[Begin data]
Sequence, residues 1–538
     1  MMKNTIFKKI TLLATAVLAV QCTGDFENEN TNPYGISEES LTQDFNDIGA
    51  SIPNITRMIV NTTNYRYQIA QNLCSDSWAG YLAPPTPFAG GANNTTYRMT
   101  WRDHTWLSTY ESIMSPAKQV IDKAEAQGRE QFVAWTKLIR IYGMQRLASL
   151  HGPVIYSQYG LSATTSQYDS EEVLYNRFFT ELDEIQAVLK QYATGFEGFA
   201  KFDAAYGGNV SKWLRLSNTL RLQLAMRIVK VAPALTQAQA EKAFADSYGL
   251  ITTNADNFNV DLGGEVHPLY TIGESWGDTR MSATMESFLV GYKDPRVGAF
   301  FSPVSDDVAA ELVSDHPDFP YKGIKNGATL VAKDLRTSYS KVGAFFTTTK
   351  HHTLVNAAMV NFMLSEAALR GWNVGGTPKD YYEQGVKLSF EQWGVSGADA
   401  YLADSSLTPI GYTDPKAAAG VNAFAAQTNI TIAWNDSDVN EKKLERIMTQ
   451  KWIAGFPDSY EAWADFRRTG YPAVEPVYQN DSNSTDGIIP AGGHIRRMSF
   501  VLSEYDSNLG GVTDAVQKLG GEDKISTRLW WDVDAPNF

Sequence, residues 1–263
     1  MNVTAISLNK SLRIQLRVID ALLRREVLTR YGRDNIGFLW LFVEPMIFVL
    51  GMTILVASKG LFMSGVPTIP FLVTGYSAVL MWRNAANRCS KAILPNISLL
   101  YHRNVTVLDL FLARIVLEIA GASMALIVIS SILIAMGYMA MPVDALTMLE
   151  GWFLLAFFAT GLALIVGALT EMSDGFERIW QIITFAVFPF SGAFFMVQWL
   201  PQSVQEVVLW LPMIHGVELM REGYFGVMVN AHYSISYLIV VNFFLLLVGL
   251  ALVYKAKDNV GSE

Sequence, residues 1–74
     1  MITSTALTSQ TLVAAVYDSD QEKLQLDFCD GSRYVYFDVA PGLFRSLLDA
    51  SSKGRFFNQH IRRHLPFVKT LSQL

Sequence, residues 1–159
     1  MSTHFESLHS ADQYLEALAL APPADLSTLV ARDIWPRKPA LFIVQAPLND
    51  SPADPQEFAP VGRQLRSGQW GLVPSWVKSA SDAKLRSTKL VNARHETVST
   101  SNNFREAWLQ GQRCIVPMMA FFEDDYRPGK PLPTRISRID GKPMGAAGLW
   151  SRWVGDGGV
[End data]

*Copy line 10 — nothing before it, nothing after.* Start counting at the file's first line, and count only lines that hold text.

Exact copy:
   401  YLADSSLTPI GYTDPKAAAG VNAFAAQTNI TIAWNDSDVN EKKLERIMTQ